WASHINGTON, Sept. 28, 2016 - Agriculture Secretary Tom Vilsack says Democrats need to do a better job of connecting with rural voters on their economic concerns in order to carry critical Midwest states in November. Vilsack, in an appearance at The Washington Post on Tuesday, the morning after the first presidential debate, also conceded that Donald Trumps attack on federal regulation resonates with rural voters.

He said that Clinton has a “very extensive agenda” for helping rural areas, including through development of renewable energy, and needs to talk more about it. Infrastructure programs, including broadband expansion, as well as assistance for college and child care also appeal to rural residents, said Vilsack, a former Democratic governor of Iowa. “Rural voters are still up for grabs. I dont think you can assume they are monolithic,” he said.

Vilsack also said he believes there is still a chance that Congress could approve the Trans-Pacific Partnership during a lame duck session even though both Clinton and Trump oppose the trade pact. “The game is not over until it’s over,” Vilsack said. Obama “is persistent and patient. I think he is also convinced this is the right thing to do for the country.”

During Monday night’s debate, Trump accused Clinton of secretly supporting the trade deal. “You know that if you did win, you would approve that (the TPP), and that will be almost as bad as NAFTA,” Trump said. Clinton insisted that she opposed the TPP but didnt directly address the issue of whether she would fight its approval in the lame duck.

Vilsack told reporters after the Post event that he hadn’t discussed the TPP strategy with Clinton. It’s worth noting that he added that the decision on timing of a congressional vote wasn’t hers to make anyway.

“I work for President Obama and what I do know is that President Obama wants this trade agreement, and he’s going to do everything he possibly can to try to move forward. It’s Congress’ ultimate decision, it’s not Hillary Clinton’s, and it’s not really Barack Obama’s. … Whether the election outcome has an impact on it, I don’t know.”

As for Trump’s anti-regulation message, Vilsack said that Democrats need to better explain why rules are being imposed and to ensure that those affected get to provide input before the regulations are implemented. “One of the challenges for any regulation is to explain to folks what the problem is,” he said. “What are you trying to solve? I think, frankly, generally speaking, government needs to do a better job of explaining what the problem is and requesting input from folks before the solution is proposed.”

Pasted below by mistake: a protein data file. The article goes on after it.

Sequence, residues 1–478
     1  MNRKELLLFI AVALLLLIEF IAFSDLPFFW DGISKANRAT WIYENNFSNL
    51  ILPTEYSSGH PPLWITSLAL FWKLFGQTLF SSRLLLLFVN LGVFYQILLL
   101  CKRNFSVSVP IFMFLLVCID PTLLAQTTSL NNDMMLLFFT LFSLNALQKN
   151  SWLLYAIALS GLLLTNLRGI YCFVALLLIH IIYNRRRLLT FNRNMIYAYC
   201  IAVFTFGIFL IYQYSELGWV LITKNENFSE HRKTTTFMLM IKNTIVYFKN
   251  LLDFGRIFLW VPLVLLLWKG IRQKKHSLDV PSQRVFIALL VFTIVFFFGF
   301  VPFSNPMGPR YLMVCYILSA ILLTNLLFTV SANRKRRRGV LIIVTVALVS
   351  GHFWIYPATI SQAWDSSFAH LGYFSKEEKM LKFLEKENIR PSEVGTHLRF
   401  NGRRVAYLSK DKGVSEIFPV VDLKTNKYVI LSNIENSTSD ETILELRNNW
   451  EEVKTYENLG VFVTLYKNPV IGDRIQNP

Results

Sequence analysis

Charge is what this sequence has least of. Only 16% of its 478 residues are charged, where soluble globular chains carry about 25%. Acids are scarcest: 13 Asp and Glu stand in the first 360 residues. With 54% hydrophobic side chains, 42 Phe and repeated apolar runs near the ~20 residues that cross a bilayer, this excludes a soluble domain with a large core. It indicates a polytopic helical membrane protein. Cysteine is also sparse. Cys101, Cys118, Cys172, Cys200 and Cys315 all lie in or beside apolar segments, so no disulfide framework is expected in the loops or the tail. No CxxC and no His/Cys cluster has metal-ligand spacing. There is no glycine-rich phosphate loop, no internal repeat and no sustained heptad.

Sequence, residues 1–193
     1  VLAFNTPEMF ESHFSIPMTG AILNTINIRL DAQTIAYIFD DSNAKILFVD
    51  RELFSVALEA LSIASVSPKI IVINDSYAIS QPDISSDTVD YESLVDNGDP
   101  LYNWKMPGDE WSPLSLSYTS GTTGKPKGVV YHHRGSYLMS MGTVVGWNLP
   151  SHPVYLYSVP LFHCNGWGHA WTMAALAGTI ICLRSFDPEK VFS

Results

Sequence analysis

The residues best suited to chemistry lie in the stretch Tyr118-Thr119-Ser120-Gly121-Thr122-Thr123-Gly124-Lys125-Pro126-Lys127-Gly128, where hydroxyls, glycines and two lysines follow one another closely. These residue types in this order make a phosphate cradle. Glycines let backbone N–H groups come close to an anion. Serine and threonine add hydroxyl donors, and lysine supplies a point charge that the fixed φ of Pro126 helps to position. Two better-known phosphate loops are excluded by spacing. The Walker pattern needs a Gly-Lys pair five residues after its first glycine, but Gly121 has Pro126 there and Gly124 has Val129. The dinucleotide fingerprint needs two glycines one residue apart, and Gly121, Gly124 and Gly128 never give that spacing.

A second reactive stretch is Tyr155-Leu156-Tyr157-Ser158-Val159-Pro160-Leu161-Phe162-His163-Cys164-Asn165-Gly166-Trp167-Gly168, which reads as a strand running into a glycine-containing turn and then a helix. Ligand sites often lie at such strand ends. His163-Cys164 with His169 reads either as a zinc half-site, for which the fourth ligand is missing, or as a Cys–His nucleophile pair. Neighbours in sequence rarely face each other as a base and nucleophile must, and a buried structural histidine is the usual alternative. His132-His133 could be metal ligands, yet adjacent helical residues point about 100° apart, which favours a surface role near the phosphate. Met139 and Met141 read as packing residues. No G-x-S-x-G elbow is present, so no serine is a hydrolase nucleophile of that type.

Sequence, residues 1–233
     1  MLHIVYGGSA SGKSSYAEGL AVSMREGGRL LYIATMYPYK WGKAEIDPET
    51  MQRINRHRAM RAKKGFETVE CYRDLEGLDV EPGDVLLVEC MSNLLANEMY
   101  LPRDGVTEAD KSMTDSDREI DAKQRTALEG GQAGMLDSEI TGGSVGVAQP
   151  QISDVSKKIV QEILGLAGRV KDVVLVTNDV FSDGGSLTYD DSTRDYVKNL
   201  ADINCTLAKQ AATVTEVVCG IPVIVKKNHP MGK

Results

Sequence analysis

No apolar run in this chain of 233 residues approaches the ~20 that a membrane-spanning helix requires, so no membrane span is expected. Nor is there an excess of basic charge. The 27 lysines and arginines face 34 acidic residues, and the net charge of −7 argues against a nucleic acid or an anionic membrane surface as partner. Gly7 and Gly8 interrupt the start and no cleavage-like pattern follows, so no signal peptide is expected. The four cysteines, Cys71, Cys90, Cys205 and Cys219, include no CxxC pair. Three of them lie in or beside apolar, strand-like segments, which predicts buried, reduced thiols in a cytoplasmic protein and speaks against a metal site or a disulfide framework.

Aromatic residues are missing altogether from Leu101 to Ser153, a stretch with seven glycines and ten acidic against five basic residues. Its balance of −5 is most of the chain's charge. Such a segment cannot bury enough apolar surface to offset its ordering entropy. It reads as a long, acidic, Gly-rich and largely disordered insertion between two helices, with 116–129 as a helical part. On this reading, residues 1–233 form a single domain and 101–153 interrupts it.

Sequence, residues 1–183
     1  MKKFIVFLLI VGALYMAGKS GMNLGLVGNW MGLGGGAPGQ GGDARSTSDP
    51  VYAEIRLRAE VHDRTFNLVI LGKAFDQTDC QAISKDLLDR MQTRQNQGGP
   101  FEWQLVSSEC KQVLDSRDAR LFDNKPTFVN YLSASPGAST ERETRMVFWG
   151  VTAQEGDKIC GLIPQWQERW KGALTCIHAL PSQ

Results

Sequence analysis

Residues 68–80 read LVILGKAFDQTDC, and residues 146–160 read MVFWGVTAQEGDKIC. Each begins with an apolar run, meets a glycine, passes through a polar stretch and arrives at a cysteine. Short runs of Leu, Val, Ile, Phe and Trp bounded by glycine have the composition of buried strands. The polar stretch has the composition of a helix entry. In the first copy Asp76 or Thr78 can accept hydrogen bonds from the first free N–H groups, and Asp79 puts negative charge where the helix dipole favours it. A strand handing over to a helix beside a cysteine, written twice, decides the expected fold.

For the “waters of the United States” rule specifically, Vilsack said EPA and Army Corps of Engineers need to reach out to farmers individually to provide them information on whether their land is covered by the new definitions of what falls under the Clean Water Act’s jurisdiction.

During the Post event, Vilsack predictably panned Trump’s debate performance, saying it was clear that he failed to prepare adequately. “I think we saw the Donald Trump who believes he can rely on his gut. … It will be interesting to see if we see any adjustments after last night”

Vilsack said Trump has the world view of the developer that he is. “I think he sees the world as if it were a dilapidated commercial building. He looks at the building and says, ‘I can make that great again. I can hire people to fix it up and then rent it out.’ He sees America that way. That’s not the America that I see. … I see an America that’s incredibly creative, incredibly innovative, the strongest nation, the strongest economy on earth.”

Vilsack declined to comment on whether he expected to have a role in the Clinton administration if she wins. There have been rumors he might be Clinton’s chief of staff. “Well figure out what happens after Nov. 8, depending on what happens on Nov. 8,” he said.

Vilsack, who has held the job of Agriculture Secretary since Day 1 of the Obama presidency, described how he was close to stepping down from USDA when the president gave him the job early this year of leading the administration’s effort to fight the opioid crisis. “I have such a good group of people that work in USDA that most of the initiatives that we have are moving along and getting done. There are days and times. …  that I didn’t have a whole lot to do, and I’m not just that kind of guy. I have to have something to do,” he said.


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